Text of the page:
This piece originally ran in our Untours Quarterly newsletter. (You can sign up for all of our newsletters here.) We got a lot of interesting comments from readers. We’ve included the best of them at the bottom of my post. After watching my own daughter’s obsession with the film in the years since I lived in Austria, I’ve come to appreciate the movie in a new way.
In the mid 1980s I was in my 20s and working in Salzburg, on our newest Untour. I was taken with the gorgeous mountain scenery, the hearty local cuisine, and the quaint villages of Austria. But I’d never seen The Sound of Music.
I quickly realized that this was a gap in my knowledge when clients asked me where they could find the “Hills are Alive meadow” or the Von Trapp family palace. They would even ask to sing a song called Edelweiss at our farewell parties.
So, I asked my Austrian friends about the movie. Most hadn’t heard of it, but those who had wrinkled their noses and said it was Hollywood kitsch. They pointed out that its soundtrack had nothing to do with real Austrian music and that Americans must be very ignorant of geography.
When I asked what they meant, they cited the final moments of the film, when the family is desperately trying to get over the mountain from Salzburg to Switzerland. They are actually fleeing not toward Switzerland, but to Germany, in fact to Hitler’s mountain retreat.
That was enough for me. I did my best to answer client questions without actually seeing the movie.
One hot August day, I was walking in Salzburg near the Horse Fountain (shown during I Have Confidence in Me), and I saw a sign advertising showings of The Sound of Music in the local movie theater. I decided it was time to face the music.
I was stunned by the familiarity of the mountains and church towers in the opening credits. I even saw the church of my “home” village of Kuchl. It was hard to concentrate on the movie as I tried to figure out where the familiar locations were.
One scene was particularly interesting. As My Favorite Things played in the background, the family traipsed around Salzburg, took a mountain railway up the Schafberg (an hour east of Salzburg), then ended up in a meadow above Werfen (an hour south of Salzburg). One marathon day by a strict read of geography!
As the kids played ball and sprawled on picnic blankets, one of the girls asked Maria, “Can we do this every day?” Maria replied, “Don’t you think you’d get tired of it, Louisa?” I couldn’t help it. I laughed out loud. Heads turned toward me and I slumped down in my seat.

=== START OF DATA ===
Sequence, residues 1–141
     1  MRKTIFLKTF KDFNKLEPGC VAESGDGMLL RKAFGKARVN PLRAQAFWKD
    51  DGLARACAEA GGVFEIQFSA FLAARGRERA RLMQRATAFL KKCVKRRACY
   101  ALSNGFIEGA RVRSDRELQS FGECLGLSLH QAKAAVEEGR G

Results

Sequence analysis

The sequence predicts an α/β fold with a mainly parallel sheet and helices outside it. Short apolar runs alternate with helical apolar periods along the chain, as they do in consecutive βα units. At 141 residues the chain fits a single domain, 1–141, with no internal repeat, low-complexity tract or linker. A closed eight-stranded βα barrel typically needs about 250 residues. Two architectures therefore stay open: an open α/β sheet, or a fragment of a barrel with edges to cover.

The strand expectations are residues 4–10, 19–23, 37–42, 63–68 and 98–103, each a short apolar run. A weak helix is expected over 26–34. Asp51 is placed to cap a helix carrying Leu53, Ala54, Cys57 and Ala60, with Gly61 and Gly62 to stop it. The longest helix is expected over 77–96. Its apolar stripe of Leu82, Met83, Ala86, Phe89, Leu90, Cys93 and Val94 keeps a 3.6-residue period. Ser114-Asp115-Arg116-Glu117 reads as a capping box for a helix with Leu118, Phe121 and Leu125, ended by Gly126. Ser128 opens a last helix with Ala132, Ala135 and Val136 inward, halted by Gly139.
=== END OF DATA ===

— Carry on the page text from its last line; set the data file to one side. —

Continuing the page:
Perhaps the movie wasn’t so bad after all. It showcases Austria’s beauty and brings visitors who might have otherwise overlooked this country I adore. 50 years after its release, it remains a classic, beloved film. Who am I to argue?
It wasn’t long before the musicians who played traditional folk music at our farewell parties learned Edelweiss. We made sure to explain that the song wasn’t Austrian, but after a tasty wienerschnitzel and some crisp local white wine, the Austrians and Americans sang together with gusto.
Brian, this is the first time I’ve heard comments like this by someone who had NOT seen The Sound of Music. It never occurred to me that such people existed. Whether or not the geography is accurate, it does charmingly advertise the lovely Alpine mountains. – Bob Miller
The story I heard about the filming of The Sound of Music was in the scene at the festival when the audience sings along with Edelweiss that the director assumed that the Austrian extras in the audience knew the song. Of course they didn’t and had to be taught the song to finish the scene. I agree, Salzburg is a beautiful city and the surrounding area is stunning. Anyone who lives in a area that is used for a movie location knows the problem of geographic discontinuity. Fortunately, few people in the audience know. – Stan and Sandy Stone
Interesting comments on The Sound of Music. I saw it 50 years ago and even gave my folks tickets to it (seats were reserved) for their anniversary 25 years ago, we were fortunate to be there in Salzburg and went on a Sound of Music tour. The next day, we went to the Eagles Nest, which is close to Salzburg and even south of it, I believe. I didn’t notice the geographical nuances associated with the movie as most of the important landmarks were in and around Salzburg or not far away. I, for one, was well aware that Salzburg was not that close to Switzerland and just assumed they were escaping the Nazis over mountains regardless of the actual location, whether in still Austria, Germany, or whatever. And I let it go at that. So I was surprised to see the criticism regarding geography. At that point, the movie was probably long enough and being brought to a conclusion. The producers just wanted to promote the concept that they did actually escape and not otherwise get too technical about it. Just my observation. – R. Sease
The mountain meadow scene at the first was actually filmed in Germany! And the train they fled to actually ran right in front of their home! – J. Moody
(The opening scene was shot in Germany, but just over the border, and a lot of the featured views were into Austria. – Brian)
We have taken the Sound of Music tour and thought it was just great. Regardless of what Austrians think of The Sound of Music, it is an American classic and has given all of us a taste of Austria and has made Austria high on our bucket list. We are from Arizona where we have plenty of breathtaking scenery, but that tour around the Salzburg area took our breath away and left us speechless. – MJ Kraus
It seems that people agree the Sound of Music tour is fantastic, and that the Salzburg area is a gorgeous place to visit!